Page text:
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Not Deporting Anyone Today

Last week, firm attorney Andrew Bloomberg handled his very first deportation hearing.

Andrew was more than ready.

While in law school, he had an internship at the Memphis Immigration Court and witnessed many such hearings.  He learned a lot about what to do and what not to do in such hearings.

While with our firm, Andrew has worked on many aspects of a deportation case.  He had simply never conducted his own trial.  Jim Hacking attended the hearing to make sure that everything went okay.

Andrew’s client was a young man from Afghanistan.  Let’s call him Rashid.

Rashid’s father was an Afghan government official before the Taliban came into power.  Once the Taliban took over the country, Rashid’s father was in trouble.  When Rashid was in grade school, the Taliban came for his father.

Rashid was the oldest child of six.  He was in grade school.  Rashid, his mother and his five brothers and sisters fled to Pakistan.  They believed their father to be dead.

Instead of going to school, Rashid went to work.  His mom worked too and they made a little money.  Just enough to keep the family alive.

Amazingly, Rashid’s father was able to escape from the Taliban and he was eventually reunited with the rest of the family in Pakistan.  They applied through the United Nations High Commission on Refugees to be resettled.  After several years, they were approved to come to Texas.

Rashid continued working.  His father was not able to work full time and Rashid was the main breadwinner.  He never went back to school.

Rashid’s longtime girlfriend and his brother both went back to Afghanistan to assist U.S. military by translating.  Rashid’s girlfriend sustained injuries in Afghanistan.

Rashid got into some trouble.  Nothing too serious, but in Texas they strictly follow the law and he did spend a few days here and there in jail.  None of his crimes were violent and mostly involved things like writing a bad check and credit card problems.

But the crimes were enough to bring him under the attention of Immigration and Customs Enforcement.  Rashid and his girlfriend were living in St. Louis when he got picked up by ICE.

Because of his crimes, he was subject to mandatory detention.  This means that he was not eligible for bond and had to sit in jail while his case made its way through the immigration court.

His family hired another attorney, who filed a worthless request for a bond hearing.  Rashid was not eligible for bond and the judge scolded the prior attorney for wasting time with the bond hearing.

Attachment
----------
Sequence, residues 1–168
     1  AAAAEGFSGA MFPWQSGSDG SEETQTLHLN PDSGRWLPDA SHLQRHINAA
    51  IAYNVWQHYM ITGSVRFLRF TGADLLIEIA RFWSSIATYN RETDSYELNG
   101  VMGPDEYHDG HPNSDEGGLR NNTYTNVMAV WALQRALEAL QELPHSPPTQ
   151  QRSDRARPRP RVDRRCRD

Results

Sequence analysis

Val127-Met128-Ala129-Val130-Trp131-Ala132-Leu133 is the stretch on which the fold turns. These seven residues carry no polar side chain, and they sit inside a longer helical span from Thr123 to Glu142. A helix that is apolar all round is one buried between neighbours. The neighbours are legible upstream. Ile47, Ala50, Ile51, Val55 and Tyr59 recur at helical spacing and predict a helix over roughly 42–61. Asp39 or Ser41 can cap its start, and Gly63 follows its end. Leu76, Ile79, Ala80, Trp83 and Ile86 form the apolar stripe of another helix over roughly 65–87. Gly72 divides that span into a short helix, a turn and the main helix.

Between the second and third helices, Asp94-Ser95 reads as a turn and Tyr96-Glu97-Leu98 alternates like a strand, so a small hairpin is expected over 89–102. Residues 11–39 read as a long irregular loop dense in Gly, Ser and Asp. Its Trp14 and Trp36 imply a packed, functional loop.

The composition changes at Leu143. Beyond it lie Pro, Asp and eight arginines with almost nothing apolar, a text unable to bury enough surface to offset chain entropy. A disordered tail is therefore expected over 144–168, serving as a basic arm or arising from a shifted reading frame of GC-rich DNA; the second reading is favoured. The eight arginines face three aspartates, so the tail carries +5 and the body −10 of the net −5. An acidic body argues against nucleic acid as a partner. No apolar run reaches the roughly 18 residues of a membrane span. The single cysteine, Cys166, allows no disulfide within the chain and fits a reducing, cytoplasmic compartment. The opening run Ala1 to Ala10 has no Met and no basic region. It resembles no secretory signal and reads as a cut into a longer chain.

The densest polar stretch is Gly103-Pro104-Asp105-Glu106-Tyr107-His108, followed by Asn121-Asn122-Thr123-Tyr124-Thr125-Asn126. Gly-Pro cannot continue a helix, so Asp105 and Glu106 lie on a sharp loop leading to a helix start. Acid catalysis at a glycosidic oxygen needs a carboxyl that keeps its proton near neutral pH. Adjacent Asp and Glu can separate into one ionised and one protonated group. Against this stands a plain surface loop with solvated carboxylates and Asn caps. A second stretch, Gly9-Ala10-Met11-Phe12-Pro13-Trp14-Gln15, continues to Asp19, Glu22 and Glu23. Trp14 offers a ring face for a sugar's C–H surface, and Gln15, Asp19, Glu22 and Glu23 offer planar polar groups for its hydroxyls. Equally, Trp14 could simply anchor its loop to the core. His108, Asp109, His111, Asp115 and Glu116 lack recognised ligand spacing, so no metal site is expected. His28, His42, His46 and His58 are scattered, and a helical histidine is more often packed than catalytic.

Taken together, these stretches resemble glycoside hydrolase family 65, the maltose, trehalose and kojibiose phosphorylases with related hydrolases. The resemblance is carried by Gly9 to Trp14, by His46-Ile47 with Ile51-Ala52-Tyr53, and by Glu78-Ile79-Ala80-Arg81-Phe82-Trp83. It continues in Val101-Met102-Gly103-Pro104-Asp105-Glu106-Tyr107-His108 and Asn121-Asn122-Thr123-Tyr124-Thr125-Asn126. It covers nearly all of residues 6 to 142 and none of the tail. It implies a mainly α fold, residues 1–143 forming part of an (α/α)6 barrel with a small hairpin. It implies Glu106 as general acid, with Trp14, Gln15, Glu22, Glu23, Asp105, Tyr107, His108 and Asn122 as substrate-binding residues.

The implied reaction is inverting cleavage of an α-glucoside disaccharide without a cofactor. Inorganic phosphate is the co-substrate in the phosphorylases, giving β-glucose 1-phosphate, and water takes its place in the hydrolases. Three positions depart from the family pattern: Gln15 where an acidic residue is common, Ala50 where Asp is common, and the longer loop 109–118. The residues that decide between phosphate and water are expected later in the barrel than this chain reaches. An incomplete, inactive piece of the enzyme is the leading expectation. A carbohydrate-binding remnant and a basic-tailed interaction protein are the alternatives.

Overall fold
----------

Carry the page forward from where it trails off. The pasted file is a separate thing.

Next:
The family lost confidence in the prior attorney.  They decided to hire the Hacking Law Practice, LLC, to see if Rashid could be saved.  They met with Andrew Bloomberg and he began working on the case.

We sent away for his immigration file.  We met with the family and Andrew began writing up statements to explain to the judge why Rashid might be eligible to stay in the U.S.  Andrew prepared statements from Rashid, his father, his mother, his girlfriend, his brother and a few of his sisters.

We submitted the statements along with a legal brief outlining our theory of the case.  Section 209(c) of the Immigration and Nationality Act provides that when someone comes to the U.S. as a refugee, their deportation may be stopped and they be allowed to adjust status to that of lawful permanent resident for humanitarian purposes, to assure family unity, or when it is otherwise in the public interest.  We asked for a waiver of the crimes that made Rashid inadmissible.

Andrew spent a lot of time at the Lincoln County Jail where Rashid was being held prior to trial.  His family drove from Texas to Missouri to work with Andrew on their statements.  Andrew submitted all of the evidence to the Court a week before trial.

We drove to Kansas City and the family met us there.  Rashid attended the trial by video hookup with the Lincoln County jail.  After a few preliminary matters, Andrew conducted his examination of Rashid and the attorney for the Department of Homeland Security cross-examined Rashid.  The judge asked a few questions.

As Andrew began to call his next witness, the judge cut him off.  We went off the record and the judge asked whether everyone who wrote a letter on Rashid’s behalf was at court.  Andrew replied that they were.  He asked if they would testify consistently with the statements that Andrew had prepared.  Andrew replied that they would.

Incredibly, the judge then told the DHS attorney that he was inclined to grant our requested waiver.  The government indicated that they would not be appealing such a ruling.  The judge cut the hearing off after 35 minutes and granted lawful permanent resident status.

The judge believed that Andrew had established all three reasons for the waiver.  Given the family’s hard life in Afghanistan, the humanitarian prong had been satisfied.  As all of Rashid’s family lived in the U.S. and as everyone but Rashid had become a citizen, family unity was satisfied.  Finally, given the service that Rashid’s brother and fiance had given to the U.S. Army, Judge Salinardi felt that it was in the public interest for Rashid to be allowed to stay.

Andrew won.  Rashid won.  He has been released from immigration detention and has been reunited with his family.

We are so proud of Andrew and the hard work that he put in the case.  The judge called the family into the courtroom to explain why he was not going to make them all testify in the case.  He complimented Andrew for the “excellent” brief and evidence that he had developed.  He thanked Rashid’s brother and fiance for their service and he closed the proceedings.

Excellent work, Andrew.  We are very proud of you.